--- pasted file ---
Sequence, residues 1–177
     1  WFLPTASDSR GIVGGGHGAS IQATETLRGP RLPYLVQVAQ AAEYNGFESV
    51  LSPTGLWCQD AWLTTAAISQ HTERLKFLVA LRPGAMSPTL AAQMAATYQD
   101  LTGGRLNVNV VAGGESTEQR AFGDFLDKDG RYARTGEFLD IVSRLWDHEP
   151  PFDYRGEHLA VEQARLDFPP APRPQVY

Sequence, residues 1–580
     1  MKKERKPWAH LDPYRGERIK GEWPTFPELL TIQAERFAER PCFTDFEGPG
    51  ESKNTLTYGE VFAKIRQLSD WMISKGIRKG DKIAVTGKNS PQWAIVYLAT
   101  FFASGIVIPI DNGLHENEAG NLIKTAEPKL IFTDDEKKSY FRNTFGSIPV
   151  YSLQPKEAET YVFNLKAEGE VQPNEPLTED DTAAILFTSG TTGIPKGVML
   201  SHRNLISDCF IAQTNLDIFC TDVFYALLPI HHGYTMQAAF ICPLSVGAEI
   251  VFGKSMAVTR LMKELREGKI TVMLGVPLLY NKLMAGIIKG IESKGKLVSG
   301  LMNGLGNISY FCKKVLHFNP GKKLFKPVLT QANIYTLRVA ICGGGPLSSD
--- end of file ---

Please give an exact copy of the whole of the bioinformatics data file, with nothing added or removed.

Sequence, residues 1–177
     1  WFLPTASDSR GIVGGGHGAS IQATETLRGP RLPYLVQVAQ AAEYNGFESV
    51  LSPTGLWCQD AWLTTAAISQ HTERLKFLVA LRPGAMSPTL AAQMAATYQD
   101  LTGGRLNVNV VAGGESTEQR AFGDFLDKDG RYARTGEFLD IVSRLWDHEP
   151  PFDYRGEHLA VEQARLDFPP APRPQVY

Sequence, residues 1–580
     1  MKKERKPWAH LDPYRGERIK GEWPTFPELL TIQAERFAER PCFTDFEGPG
    51  ESKNTLTYGE VFAKIRQLSD WMISKGIRKG DKIAVTGKNS PQWAIVYLAT
   101  FFASGIVIPI DNGLHENEAG NLIKTAEPKL IFTDDEKKSY FRNTFGSIPV
   151  YSLQPKEAET YVFNLKAEGE VQPNEPLTED DTAAILFTSG TTGIPKGVML
   201  SHRNLISDCF IAQTNLDIFC TDVFYALLPI HHGYTMQAAF ICPLSVGAEI
   251  VFGKSMAVTR LMKELREGKI TVMLGVPLLY NKLMAGIIKG IESKGKLVSG
   301  LMNGLGNISY FCKKVLHFNP GKKLFKPVLT QANIYTLRVA ICGGGPLSSD